Laura Carney

Trivia contest, speeches to focus on citizenship

Students in the Asia University America Program at Western Washington University watch a U.S. citizenship naturalization ceremony in Miller Hall on Nov. 8. The ceremony was the first of its kind ever to take place on Western's campus. Photo by Matthew Anderson | WWU

Western Today staff

Members of the Western Washington University community can get a look at what it takes to become a U.S. citizen at a free event Nov. 19 in the Underground Coffeehouse on campus.

"The Test: What it Takes To Become a Documented U.S. Citizen" will feature three speakers talking about the citizenship process. The presentations will be preceded by a special edition of Underground Coffee House Trivia Night focues on the U.S. citizenship test.

This event is presented by the AS Social Issues Resource Center.


'It's a beautiful place to be.' Six Bellingham residents officially become U.S. Citizens

Bellingham KOMO
Two days ago, Americans everywhere exercised their rights and voiced their opinions for who they wanted to lead the country for the next four years. Despite their best efforts, some local residents didn't get that opportunity. But after taking the Citizenship Oath today, they will certainly be able to next time. For the first time, Western hosted a Citizenship Ceremony, and six new-citizens, originally hailing from Canada, India, Vietnam and Guatemala, became American citizens. "It's a much better country. A lot more rights, a lot more freedom," said Dany Mendoza, who emigrated from Guatemala.

AUAP instructor Laura Carney now a U.S. citizen

AUAP senior instructor Laura Carney, second from left, takes the oath to become a U.S. citizen at an event on the Western Washington University campus. At Carney's right is Marjorie Duke, formerly a citizen of India. To Carney's left are Jasmine Russell, formerly of Canada, and Van Le, formerly of Vietnam. Photo by Matthew Anderson | WWU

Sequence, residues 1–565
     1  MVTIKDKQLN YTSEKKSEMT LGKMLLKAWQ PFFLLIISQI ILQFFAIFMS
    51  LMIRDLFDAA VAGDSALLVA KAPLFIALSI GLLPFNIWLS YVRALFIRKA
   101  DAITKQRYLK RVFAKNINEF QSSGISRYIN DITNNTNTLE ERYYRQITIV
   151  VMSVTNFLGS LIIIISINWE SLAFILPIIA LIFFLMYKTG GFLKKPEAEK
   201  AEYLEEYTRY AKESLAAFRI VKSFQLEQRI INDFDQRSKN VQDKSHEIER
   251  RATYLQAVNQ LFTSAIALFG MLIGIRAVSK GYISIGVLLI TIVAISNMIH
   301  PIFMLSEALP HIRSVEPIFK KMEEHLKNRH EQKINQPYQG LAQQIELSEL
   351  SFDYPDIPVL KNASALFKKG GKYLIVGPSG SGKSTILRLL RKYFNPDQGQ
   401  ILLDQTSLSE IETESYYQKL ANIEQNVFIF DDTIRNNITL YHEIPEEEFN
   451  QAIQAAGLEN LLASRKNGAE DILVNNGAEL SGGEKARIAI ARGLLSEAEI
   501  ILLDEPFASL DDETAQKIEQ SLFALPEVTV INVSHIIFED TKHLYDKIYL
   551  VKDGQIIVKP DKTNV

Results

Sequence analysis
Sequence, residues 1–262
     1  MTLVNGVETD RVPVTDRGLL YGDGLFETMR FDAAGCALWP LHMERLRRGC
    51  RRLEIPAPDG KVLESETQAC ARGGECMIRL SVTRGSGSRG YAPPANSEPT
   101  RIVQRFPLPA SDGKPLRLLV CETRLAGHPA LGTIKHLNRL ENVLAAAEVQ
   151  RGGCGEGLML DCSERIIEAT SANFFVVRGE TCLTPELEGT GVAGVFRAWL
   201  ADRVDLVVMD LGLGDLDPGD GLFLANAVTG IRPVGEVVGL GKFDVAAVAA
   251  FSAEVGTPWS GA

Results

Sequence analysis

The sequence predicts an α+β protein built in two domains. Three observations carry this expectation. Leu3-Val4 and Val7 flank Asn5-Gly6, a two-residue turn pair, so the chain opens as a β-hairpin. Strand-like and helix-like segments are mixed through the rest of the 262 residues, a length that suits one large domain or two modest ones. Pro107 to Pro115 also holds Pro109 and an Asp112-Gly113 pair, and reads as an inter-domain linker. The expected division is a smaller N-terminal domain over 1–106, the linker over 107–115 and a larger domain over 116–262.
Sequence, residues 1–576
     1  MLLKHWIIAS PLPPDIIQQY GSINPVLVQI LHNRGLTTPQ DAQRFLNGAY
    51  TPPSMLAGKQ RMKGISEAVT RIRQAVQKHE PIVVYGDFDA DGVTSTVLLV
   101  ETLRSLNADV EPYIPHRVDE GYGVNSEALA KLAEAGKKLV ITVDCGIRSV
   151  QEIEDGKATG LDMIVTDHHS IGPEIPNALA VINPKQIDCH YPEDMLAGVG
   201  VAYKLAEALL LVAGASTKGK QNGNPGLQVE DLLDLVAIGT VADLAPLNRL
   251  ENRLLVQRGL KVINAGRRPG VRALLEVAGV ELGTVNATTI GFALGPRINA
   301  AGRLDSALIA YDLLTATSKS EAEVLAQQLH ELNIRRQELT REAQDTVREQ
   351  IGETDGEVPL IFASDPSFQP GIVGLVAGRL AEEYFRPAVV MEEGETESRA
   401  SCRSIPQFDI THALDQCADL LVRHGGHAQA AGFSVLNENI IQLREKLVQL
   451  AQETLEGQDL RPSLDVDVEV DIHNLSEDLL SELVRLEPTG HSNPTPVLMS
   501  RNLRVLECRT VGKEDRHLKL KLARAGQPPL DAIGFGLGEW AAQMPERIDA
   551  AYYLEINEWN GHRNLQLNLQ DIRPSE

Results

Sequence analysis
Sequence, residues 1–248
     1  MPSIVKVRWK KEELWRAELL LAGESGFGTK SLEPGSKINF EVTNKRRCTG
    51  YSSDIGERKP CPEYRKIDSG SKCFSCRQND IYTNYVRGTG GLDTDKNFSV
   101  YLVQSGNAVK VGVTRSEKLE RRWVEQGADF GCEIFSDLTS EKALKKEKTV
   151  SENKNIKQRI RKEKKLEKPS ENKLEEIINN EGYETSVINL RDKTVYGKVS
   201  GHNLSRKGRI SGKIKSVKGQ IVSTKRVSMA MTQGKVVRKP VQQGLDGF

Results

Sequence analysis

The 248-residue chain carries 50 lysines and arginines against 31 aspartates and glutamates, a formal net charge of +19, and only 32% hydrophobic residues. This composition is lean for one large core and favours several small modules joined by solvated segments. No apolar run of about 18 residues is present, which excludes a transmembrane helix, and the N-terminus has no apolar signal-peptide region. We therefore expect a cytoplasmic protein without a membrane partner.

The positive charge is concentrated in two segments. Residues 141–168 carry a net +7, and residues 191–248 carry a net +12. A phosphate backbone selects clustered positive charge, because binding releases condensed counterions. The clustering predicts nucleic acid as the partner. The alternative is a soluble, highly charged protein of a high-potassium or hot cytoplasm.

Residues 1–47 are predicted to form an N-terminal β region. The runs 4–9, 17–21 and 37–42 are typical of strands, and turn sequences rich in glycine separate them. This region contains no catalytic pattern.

The six new U.S. citizens pose for photos with Earl Gibbons, WWU vice provost for extended education, after the ceremony. Photo by Matthew Anderson | WWU

Western Today staff

Laura Carney, a senior instructor teaching American studies in Western's Asia University America Program, is now a citizen of the United States. Carney, formerly a Canadian, joined five others from Canada, Guatemala, India and Vietnam in taking the oath to become naturalized U.S. citizens at an event today on campus.

It was the first time that citizenship oaths have been administered on campus. Carney's AUAP students attended the event.


WWU's Laura Carney receives 2010 International Education Award

Western Today staff

Western Washington University instructor Laura Carney has received the 2010 International Education Award from WWU’s Center for International Studies.

Carney, a core lecturer in Western Washington University's Asia University America Program (AUAP), has worked to raise awareness of language learning and intercultural understanding both at the university and in the broader Bellingham community.


Club at WWU open to anyone to polish their Japanese language skills

The Bellingham Herald
"Laura Carney has a way with words ... Japanese words with English speakers, and English words with Japanese speakers. That's why she formed the Japanese Conversation Club, which is open to Whatcom County residents who want to improve their Japanese language skills while learning directly from natives of Japan."
Why this is relevant: 

Laura Carney teaches English as a Second Language in WWU's Asia America University Program.